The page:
Can I travel while on OPT with my EAD and continue my job search upon reentry?
USCIS has stated if your OPT has been approved, you have obtained your EAD and you depart the U.S. before obtaining a job, your OPT is terminated and you may not reenter the U.S.
The USCIS have changed the previous operating instructions and have narrowed the interpretation of the regulations 8 CFR.214.2(f)(13)(ii) to state that you must reenter the U.S. to “resume employment”.
ISS strongly recommends that you do not travel unless there is an emergency or you have a letter verifying either employment or an offer of employment. Again, this has been a change in the interpretation so it is unclear how your entry will be interpreted at the port of entry.
What documents do I need to reenter the U.S. with an approved OPT?
You will need your I-20 endorsed on the 3rd page by an ISS staff member, the Employment Authorization Document (EAD), a valid visa, and a letter verifying an offer of employment.
What if I still have some time left on my student program? Can I travel during that
time, even though my I-20 shows that I have been recommended for OPT but the OPT application
is still pending with CIS?
Yes, but you must be returning as a student to complete academic requirements. For example, a student who has applied for OPT in May, is enrolled during the summer, but who does not graduate until August, may still travel as a student until their graduation date. ISS recommends that you travel with a letter of certification showing that you are a student during the summer.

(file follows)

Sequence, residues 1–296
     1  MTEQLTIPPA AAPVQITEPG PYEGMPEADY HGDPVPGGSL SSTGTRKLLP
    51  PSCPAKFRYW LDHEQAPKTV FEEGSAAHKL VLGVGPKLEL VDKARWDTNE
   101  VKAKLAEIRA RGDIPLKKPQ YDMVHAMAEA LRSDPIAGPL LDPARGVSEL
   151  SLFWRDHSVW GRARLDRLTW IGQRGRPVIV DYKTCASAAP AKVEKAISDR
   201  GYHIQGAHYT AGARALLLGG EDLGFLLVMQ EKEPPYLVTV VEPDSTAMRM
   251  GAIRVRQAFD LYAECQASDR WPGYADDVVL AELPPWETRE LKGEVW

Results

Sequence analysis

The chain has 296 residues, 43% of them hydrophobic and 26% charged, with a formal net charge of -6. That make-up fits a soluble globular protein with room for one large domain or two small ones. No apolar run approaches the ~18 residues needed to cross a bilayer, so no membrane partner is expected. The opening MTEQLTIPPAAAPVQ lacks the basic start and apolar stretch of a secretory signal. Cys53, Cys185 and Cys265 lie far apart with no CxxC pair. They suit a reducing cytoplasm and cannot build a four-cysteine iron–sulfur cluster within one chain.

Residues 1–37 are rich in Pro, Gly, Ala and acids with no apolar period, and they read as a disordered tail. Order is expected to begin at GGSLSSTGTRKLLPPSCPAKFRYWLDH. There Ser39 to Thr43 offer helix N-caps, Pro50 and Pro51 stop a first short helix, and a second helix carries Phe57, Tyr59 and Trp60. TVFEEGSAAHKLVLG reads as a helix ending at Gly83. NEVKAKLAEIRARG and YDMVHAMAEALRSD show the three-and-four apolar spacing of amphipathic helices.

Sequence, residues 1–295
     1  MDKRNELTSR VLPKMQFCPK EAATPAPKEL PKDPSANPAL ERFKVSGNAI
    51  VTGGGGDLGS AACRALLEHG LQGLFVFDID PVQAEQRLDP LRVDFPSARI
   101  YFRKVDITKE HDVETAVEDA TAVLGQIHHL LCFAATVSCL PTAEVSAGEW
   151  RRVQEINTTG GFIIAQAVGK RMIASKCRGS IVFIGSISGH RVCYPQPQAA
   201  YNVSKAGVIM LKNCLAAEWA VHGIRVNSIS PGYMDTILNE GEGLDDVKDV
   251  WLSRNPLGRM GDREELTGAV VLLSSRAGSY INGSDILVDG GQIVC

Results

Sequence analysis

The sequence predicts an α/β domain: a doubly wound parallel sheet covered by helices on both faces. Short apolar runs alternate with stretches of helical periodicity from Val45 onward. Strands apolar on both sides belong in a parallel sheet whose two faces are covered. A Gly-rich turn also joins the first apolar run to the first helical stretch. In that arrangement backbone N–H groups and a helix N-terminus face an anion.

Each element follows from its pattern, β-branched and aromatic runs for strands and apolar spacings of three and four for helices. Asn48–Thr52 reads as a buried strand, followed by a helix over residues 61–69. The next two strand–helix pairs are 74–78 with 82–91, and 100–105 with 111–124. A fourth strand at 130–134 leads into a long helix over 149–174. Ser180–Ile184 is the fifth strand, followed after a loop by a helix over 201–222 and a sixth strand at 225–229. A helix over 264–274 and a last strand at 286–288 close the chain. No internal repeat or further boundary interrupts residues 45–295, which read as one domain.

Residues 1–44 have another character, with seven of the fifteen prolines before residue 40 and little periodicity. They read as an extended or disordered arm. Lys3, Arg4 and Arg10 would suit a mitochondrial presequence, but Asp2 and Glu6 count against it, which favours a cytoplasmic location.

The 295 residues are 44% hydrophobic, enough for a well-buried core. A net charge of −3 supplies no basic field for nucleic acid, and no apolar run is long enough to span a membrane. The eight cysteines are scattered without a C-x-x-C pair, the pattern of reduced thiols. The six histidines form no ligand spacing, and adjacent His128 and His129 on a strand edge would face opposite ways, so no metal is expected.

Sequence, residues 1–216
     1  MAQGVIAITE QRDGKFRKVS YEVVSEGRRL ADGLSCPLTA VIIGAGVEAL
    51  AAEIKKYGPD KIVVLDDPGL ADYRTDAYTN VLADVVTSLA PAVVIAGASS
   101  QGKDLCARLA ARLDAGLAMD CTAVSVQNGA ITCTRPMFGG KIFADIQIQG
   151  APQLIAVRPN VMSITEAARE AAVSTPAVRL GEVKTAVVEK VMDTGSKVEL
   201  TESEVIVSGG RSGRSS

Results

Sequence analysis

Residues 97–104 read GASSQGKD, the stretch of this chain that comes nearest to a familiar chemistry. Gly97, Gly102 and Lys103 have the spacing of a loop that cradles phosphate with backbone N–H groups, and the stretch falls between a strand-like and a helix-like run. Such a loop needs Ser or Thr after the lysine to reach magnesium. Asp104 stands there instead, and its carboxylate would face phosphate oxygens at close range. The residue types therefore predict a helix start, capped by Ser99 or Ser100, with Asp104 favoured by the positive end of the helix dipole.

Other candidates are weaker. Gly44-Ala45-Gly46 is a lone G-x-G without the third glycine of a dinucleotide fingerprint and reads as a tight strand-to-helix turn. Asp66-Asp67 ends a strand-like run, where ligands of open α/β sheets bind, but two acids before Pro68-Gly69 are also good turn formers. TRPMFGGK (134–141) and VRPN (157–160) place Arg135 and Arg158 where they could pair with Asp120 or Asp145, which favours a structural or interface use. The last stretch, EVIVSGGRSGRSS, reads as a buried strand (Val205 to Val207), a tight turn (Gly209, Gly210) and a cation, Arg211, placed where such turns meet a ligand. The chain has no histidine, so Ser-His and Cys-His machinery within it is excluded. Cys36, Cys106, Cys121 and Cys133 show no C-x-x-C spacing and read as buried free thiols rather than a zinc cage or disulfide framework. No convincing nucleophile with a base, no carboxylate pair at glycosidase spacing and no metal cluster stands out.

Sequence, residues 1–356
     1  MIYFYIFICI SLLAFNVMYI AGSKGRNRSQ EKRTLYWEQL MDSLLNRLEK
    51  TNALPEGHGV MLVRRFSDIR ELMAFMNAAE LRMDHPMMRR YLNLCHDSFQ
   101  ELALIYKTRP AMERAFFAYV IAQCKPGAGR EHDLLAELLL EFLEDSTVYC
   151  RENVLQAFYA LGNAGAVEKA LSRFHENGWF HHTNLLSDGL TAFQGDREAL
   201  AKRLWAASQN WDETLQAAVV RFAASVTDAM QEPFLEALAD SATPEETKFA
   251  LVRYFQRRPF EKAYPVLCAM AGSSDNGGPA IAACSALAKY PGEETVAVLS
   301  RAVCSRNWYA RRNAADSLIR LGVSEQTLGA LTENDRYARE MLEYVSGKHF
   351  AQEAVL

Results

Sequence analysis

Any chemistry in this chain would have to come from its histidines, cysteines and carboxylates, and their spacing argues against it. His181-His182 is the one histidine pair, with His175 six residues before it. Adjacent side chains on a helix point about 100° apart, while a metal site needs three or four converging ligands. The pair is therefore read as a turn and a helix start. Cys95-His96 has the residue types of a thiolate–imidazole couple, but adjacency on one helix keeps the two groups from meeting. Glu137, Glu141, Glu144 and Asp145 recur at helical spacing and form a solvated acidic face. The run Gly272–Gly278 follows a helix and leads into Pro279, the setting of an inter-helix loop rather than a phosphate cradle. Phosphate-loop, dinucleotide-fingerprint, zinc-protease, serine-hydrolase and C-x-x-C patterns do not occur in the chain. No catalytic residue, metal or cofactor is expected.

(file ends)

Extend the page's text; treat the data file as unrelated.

My visa in my passport has expired, but I need to travel outside the U.S. while on
OPT do I have a risk for denial of another F-1 visa?
Yes, there is a risk of denial. The risk is higher than while you are in active student status, since your stay is now working rather than going to school. The F-1 student visa requires that the applicant must intend to return to the home country at the end of the program, and if the visa issuing officer is not convinced of your intention to return home, the visa application could be denied.
You need to take a valid passport, recently endorsed I-20, EAD card, and a letter verifying an offer of employment showing your salary, location, job duties, and beginning date. You should also be prepared to discuss how the job experience will apply to a job in your home country and how you intend to apply it.
What if the employer wants to hire the student for a longer period of time?
Employers can petition for an H1-b Non-Immigrant Temporary Worker visa either immediately after graduation or any time during the practical training period following graduation. This will allow the student to work in the U.S. for up to six years. It is only valid for employment with the petitioning organization. The International Students and Scholars (ISS) office has a list of attorneys who are skilled in assisting with H1-b visa applications.
How does an employer sponsor a student for permanent residency?
An employer may wish to assist an employee with obtaining permanent residency, also known as a "green card". This process can be time-consuming and may be expensive. The assistance of an attorney is recommended. The ISS office can provide a list of immigration lawyers in the area.
- Can diversify your workplace.
- Offer a wide range of skills and abilities.
- Are flexible, adaptable and ambitious.
- Are often multilingual.
- Have international experience.
- Are considered to be among the brightest and most highly motivated people from their home countries.
- Have substantive experience gained from employment in their home countries.
- Can be trained in the U.S. and sent on assignments in their home countries.
- Often have technical expertise.
- Can enrich an organization by sharing cultural experience.
- Have an extensive network among them. Thus, employment of a qualified non-citizen may attract other highly qualified candidates.